Kinkakuji-Temple on Fire, by Kawabata Ryūshi

Kinkakuji-Temple on Fire, by Kawabata Ryūshi

On July 2, 1950, the three-storied square-shaped Golden Pavilion, a national treasure at Kinkakuji Temple (Rokuonji Temple) in Kyoto, was burned down by arson committed by a disciple of the temple. The incident, which shocked the public, was the subject of a novel by Mishima Yukio. Kawabata Ryūshi also learned of the disappearance of the notable cultural asset in a newspaper and painted it, intuiting that it would make a good subject for a painting.

Only two months after the incident, he exhibited “Kinkakuji-Temple on Fire” at the 22nd Seiryusha Exhibition. In response to its too-early creation, some people regarded it as a work of journalism rather than art. Ryūshi, however, did not actually see the burning golden temple and paint it; he painted the representation that emerged in his mind. He completed this work using only ink, vermillion, and gold, so to speak, the traditional materials of Japanese painting.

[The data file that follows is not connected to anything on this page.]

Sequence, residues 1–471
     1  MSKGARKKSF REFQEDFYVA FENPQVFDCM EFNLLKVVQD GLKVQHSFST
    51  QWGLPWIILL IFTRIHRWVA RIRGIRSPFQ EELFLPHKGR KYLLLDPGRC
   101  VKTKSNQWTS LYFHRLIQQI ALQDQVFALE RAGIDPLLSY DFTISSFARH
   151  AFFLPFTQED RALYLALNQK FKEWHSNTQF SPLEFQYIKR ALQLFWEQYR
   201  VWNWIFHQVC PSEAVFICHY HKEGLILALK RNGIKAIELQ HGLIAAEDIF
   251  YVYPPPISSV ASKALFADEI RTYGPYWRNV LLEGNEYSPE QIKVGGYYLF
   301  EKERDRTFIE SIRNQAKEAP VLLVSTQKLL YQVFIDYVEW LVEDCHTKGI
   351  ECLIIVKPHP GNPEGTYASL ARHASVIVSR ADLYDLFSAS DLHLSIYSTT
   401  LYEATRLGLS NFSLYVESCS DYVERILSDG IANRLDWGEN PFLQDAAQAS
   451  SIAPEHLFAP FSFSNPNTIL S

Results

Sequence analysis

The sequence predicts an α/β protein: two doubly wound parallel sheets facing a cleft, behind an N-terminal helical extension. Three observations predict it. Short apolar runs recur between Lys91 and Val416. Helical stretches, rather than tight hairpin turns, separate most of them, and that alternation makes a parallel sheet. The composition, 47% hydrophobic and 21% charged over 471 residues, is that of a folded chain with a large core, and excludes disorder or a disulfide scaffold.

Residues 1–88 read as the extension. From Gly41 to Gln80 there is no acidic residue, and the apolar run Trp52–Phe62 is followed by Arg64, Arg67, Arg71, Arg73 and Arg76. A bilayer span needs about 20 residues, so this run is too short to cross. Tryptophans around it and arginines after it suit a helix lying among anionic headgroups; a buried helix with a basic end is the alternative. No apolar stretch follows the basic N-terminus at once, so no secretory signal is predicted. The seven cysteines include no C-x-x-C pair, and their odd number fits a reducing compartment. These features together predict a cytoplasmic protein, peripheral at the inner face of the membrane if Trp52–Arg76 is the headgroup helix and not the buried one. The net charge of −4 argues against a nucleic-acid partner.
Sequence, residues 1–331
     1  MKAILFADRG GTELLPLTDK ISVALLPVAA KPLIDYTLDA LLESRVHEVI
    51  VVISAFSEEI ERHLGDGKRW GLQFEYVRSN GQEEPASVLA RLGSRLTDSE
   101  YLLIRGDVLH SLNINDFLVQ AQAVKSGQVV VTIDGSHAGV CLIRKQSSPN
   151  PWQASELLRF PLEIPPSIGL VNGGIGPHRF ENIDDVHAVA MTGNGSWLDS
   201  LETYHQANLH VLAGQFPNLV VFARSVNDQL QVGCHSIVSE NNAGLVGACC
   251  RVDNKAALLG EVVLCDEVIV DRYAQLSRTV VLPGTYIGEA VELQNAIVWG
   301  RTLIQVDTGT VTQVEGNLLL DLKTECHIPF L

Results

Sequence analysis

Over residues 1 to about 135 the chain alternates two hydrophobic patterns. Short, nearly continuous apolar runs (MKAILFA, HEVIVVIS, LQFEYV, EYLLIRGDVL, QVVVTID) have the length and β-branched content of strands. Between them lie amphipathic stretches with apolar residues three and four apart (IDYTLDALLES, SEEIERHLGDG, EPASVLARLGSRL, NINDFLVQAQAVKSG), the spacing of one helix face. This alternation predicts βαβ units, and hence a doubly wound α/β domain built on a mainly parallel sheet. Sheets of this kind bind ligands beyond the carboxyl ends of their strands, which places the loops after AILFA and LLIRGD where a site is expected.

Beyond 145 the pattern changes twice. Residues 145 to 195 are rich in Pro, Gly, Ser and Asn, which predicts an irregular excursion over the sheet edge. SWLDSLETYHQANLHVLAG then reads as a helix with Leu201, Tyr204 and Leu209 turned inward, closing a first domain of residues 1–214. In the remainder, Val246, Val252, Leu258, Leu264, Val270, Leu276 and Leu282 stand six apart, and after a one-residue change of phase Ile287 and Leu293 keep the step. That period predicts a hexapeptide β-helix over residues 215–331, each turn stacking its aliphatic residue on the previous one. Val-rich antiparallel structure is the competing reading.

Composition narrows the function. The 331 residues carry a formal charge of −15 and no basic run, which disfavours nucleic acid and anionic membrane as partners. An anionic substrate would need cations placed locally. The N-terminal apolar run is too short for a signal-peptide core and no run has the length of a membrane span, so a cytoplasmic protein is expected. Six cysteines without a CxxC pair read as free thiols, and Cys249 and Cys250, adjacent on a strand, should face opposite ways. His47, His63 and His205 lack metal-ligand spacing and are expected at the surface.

Title: Kinkakuji-Temple on Fire

Author: Kawabata Ryūshi

Year: 1950

Size: 142.0 × 239.0 cm

Own: The National Museum of Modern Art, Tokyo

Related artworks

If you want to enjoy Japanese artworks of painting, print, and craft everyday, check the Twitter account of Masterpiece of Japan!

You can also see the tweets on the sidebar!

Leave a Comment

This site uses Akismet to reduce spam. Learn how your comment data is processed.